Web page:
The siren’s call

I would very much like to back our most egregious political players in the east coast energy system – notably but not solely Andrews & Co in Victoria, Palaszczuk & Co in Queensland and Weatherill in South Australia – in to a corner and not let them out until they have explained precisely what they are trying to achieve (apart from pursuing vote-catching) and have supported their actions with believable expert assessments.

This, of course, is not just an issue for eastern Australia. The same demand could be thrust at successive governments in the UK, administrations in North America and some in Europe.

The vogue right now is for helicopter reviews of power systems – such as Finkel here, Dieter Helm (just starting) in the UK and, interestingly for us (because of the resonance for our own set-up), the just completed review of the American grids by the US Department of Energy, ordered by Secretary of Energy Rick Perry, the former governor of Texas (a state that can be held up as having made a not unreasonable fist of pursuing a competitive, stand-alone electricity market).

The 187-page DoE report, delivered in the past week, is acessible on the Web and can also be seen through the lens of a multitude of critiques quickly published in reaction to it.

I thought one US commentator did a good job of summing it up in this fashion: “The review caused great trepidation among solar and wind advocates because Perry (previously) had singled out the importance of nuclear and coal – a favorite of President Trump – in maintaining grid reliability. In the end, the study said the sharp decline in natural gas prices over the past decade is the primary reason US coal generation has become less economic rather than the spread of wind and solar. The report also found that wind and solar, which provide power intermittently, have not caused any insurmountable problems in the grid’s functioning – yet.”

In a background briefing, an unnamed DoE official told a major American newspaper: “While no day-to-day reliability threats loom in ordinary circumstances, this report is meant as a warning that the nation’s electric grids and systems are at a pivotal point. The replacement of coal plants by gas and intermittent wind and solar generation, and the spread of new digital controls, means the grid’s future resilience cannot be taken for granted. The report doesn’t say coal plants are necessarily required for maintaining reliability but underscores the importance of how various kinds of power interact to affect reliability and resiliency.”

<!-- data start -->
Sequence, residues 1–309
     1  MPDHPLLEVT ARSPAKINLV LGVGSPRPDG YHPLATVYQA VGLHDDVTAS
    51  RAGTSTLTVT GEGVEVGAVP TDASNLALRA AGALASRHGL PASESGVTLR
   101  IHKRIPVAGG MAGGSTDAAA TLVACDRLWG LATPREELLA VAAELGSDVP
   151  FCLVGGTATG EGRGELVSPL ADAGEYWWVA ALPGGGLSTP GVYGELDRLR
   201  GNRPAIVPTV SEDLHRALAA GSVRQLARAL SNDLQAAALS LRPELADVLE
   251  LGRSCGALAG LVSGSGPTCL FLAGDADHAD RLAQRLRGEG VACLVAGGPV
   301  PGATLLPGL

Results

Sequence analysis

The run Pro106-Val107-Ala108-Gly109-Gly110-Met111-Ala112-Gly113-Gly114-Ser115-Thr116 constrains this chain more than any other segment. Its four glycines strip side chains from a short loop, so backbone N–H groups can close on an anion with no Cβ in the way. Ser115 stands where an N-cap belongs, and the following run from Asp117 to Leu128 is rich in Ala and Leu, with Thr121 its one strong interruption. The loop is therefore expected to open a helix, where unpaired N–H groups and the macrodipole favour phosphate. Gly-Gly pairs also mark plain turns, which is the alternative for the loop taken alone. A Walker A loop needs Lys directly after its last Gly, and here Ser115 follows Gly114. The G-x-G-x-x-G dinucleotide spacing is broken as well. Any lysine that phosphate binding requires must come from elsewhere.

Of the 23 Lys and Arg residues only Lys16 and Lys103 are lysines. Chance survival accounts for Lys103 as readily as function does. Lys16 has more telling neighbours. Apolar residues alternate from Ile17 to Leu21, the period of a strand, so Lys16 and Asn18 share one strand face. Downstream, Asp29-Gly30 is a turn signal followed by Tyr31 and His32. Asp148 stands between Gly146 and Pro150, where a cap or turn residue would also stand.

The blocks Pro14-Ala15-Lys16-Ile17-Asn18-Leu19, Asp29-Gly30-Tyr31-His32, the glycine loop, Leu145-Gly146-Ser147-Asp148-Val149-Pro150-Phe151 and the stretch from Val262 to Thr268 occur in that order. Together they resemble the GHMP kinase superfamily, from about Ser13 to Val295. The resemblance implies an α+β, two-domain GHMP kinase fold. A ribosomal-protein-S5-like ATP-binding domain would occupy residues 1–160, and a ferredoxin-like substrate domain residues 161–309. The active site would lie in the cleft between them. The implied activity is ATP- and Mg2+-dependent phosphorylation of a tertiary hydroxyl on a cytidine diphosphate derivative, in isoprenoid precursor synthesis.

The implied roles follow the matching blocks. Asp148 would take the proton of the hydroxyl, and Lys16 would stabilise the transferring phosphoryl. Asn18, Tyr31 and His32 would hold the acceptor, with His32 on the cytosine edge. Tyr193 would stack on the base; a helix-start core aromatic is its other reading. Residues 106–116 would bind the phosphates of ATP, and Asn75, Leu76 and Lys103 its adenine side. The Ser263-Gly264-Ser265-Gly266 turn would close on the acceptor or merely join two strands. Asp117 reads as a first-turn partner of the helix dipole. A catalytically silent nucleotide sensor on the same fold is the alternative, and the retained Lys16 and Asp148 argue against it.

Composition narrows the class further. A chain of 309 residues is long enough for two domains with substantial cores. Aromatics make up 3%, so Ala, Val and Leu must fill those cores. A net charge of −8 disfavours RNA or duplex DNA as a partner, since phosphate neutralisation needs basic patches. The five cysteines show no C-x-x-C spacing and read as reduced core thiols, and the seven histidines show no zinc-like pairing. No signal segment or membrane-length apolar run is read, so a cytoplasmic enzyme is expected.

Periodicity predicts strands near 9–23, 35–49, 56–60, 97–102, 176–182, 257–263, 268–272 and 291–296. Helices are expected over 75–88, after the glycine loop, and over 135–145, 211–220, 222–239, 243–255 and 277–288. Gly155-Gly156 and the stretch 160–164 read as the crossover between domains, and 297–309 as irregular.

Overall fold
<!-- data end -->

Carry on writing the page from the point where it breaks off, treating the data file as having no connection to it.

To which one of my friends, who is an expert advisor to a government in Europe, adds in an email over the weekend: “If you scan the report with no preconceptions, the message that comes through clearly is that the USA has a very diverse electricity generation system, including a lot of hydro-power and nuclear, which provides enormous resilience through that diversity.”

Robert Pritchard, executive director of the Energy Policy Institute of Australia, in a note to his members shared with me, has done a yeoman job of encapsulating the DoE document in four points:

  • The continued closure of traditional baseload power plants calls for a comprehensive strategy for long-term reliability and resilience.
  • States and regions are accepting increased risks that could affect the future reliability and resilience of electricity delivery for consumers in their regions.